Nasal Vaccine for Smallpox Confers High Levels of Immunity

March 12, 2008
BioPharm International Editors

A recent study conducted by scientists at NanoBio Corporation (Ann Arbor, MI) and the University of Michigan (Ann Arbor, MI) has demonstrated that their nasally delivered vaccinia vaccine can protect animals against 77 times the potentially lethal dose of smallpox, and without the safety risks of current vaccines for smallpox.

A recent study conducted by scientists at NanoBio Corporation (Ann Arbor, MI) and the University of Michigan (Ann Arbor, MI) has demonstrated that their nasally delivered vaccinia vaccine can protect animals against 77 times the potentially lethal dose of smallpox, and without the safety risks of current vaccines for smallpox. Vaccinia virus is related to smallpox virus and builds immunity against it.

The current study in mice demonstrates that NanoBio’s killed-virus vaccine elicits a robust immune response because it delivers antigens directly to the lining of the nasal mucosa, where the virus first enters the body. Immune cells inside the nose immediately recognize the antigen and quickly build an immune response against it, a process known as “mucosal” immunity.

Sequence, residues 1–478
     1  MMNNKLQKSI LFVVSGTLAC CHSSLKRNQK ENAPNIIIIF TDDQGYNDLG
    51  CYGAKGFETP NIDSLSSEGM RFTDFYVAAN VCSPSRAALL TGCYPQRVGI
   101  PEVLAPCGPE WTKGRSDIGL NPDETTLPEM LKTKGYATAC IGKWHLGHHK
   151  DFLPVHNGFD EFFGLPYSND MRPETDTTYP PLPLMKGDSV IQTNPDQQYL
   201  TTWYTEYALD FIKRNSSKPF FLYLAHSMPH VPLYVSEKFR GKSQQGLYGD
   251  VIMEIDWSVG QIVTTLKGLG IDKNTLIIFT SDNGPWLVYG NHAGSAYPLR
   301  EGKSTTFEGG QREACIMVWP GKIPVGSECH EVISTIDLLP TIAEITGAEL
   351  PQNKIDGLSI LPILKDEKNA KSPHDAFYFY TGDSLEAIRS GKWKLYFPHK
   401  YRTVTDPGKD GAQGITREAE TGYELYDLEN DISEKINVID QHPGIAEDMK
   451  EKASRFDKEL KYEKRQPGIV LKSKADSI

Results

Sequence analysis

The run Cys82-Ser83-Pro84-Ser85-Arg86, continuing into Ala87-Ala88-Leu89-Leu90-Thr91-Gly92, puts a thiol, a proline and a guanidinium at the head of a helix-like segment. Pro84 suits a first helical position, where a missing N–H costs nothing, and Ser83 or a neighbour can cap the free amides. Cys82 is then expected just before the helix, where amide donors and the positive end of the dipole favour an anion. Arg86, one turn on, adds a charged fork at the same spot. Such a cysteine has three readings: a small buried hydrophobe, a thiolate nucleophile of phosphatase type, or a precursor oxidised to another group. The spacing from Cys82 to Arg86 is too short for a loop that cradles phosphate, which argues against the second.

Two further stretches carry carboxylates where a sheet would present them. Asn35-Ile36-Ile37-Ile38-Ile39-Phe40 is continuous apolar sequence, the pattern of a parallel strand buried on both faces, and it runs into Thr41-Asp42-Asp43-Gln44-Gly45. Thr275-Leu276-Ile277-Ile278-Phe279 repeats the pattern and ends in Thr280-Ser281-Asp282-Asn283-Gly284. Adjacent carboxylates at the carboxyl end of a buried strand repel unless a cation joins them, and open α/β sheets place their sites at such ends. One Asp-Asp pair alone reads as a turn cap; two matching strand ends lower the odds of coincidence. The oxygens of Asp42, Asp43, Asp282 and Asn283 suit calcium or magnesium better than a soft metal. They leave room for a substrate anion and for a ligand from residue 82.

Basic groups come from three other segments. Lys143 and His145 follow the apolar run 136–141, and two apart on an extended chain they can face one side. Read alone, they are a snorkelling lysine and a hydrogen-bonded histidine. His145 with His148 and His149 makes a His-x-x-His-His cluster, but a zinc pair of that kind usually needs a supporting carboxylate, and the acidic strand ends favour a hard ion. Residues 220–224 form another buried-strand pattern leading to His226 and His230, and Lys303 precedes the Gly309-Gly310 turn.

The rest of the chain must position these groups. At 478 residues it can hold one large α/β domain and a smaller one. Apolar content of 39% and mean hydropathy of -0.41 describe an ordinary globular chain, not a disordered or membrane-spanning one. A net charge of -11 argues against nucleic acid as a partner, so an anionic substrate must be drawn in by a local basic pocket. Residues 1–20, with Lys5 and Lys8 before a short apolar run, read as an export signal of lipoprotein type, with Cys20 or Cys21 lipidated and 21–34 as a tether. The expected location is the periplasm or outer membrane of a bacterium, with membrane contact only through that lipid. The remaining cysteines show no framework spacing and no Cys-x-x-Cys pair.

Animal studies indicate that NanoBio’s vaccines quickly trigger robust immunity-without adverse effects-against a wide array of viruses and bacteria, including influenza, hepatitis B, RSV, anthrax and HIV.

Developing mucosal immunity is particularly valuable in combating sexually transmitted diseases because they enter the body through mucous membranes, added James R. Baker Jr., MD, founder and chairman of NanoBio. Vaccines that are delivered to one mucosal surface, such as inside the nose, build immunity at distant mucosal surfaces as well.

NanoBio release

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